Equus Przewalskii – Kertag (Mongolian Group Of Horses)
According to excavations, it is evident that various forms of prehistoric horses lived well into historical times. Due to the advancing human culture/civilization these horses vanished from the face of the Earth forever. Only one prehistoric form of horse survived to today, living in central Asia around lake Lob-Nor. Approximately 180 years ago, this horse was brought to our attention by an explorer named Pallas, who named this horse Equus ferus Pall. His records led us to find these horses still living in European Russia on the Samarian steppe at that time. These horses were later mixed with wild domestic horses.
In 1880, a famous Russian geographer and explorer, Nikolaj Michaljovitch Przewalskii, again rediscovered this prehistoric horse in the “Jungarian” dessert. He sent a skin of one of the horses to the museum of Academic Science in Petrograd. Accordingly, a zoologist, Poljanov, named the horse in the Almanac of the Geographical Society of 1881, the Przewalskii Horse, Equus Przewalskii. This name is commonly known and used today. Kirgiz people call this horse “Kertag”; the Mongolians call him “tage” and the Chinese “yema”.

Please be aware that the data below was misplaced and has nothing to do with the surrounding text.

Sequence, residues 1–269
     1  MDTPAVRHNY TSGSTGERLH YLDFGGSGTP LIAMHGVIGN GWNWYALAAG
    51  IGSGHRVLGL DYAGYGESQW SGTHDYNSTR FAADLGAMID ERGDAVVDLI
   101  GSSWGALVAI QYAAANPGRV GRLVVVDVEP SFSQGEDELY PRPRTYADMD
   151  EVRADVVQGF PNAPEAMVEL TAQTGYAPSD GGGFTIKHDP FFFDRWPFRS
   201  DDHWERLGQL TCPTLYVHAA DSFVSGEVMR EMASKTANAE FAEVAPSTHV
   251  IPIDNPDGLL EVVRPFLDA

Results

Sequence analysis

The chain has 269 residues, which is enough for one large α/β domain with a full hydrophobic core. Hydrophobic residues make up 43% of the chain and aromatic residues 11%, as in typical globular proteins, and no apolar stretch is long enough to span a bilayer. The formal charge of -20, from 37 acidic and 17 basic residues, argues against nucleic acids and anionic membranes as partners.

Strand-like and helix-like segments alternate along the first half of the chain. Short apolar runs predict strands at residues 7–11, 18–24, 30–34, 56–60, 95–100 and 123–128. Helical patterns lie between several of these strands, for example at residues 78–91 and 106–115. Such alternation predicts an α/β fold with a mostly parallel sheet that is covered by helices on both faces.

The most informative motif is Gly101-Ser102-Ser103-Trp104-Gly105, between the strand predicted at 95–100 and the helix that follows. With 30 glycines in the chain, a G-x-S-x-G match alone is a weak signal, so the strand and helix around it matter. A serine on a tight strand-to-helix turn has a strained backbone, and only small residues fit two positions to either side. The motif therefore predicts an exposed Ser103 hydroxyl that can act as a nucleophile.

Upon comparing the skeletons and the skulls of these prehistoric animals with today’s Mongolian and Kirgiz domestic horses, it is evident that the entire foundation of the Mongolian Group is based on the Kertag.
When and where the Kertag was actually domesticated cannot be realistically confirmed. The old Chinese writings around 3468 B.C. contain information that the emperor “Fo-She” started a domesticated horse in China. This is, however, a myth, and archeologists claim there were no drawings of horses in China around the year 2500 B.C.
The actual reproduction of domestic horses in China had not begun until around 2000 B.C. In and around that time, horses were domestically reproduced by other culturally developed nations of Central Asia as well. The ancestry of ‘Kertag” to the Eastern Asian horse cannot be scientifically proven, however it is plausible that the plastic-like pictures/carvings from Old China do indeed depict this particular horse.
Central Asia was more likely the place Kertag was bred into a domestic horse. Known for it’s endurance, it was this horse that served the Mongolian invasion of Europe. Evidence of excavations in Europe toward the end of the medieval era, display distinct characteristics of Kertag.
The Mongolian steppe horses in north China, Manchuria and Tibet with huge herds of Kirgiz horses on the Kirghiz steppes in central Asia are today distinctly showing this type of Kertag/Equus Przewalskii.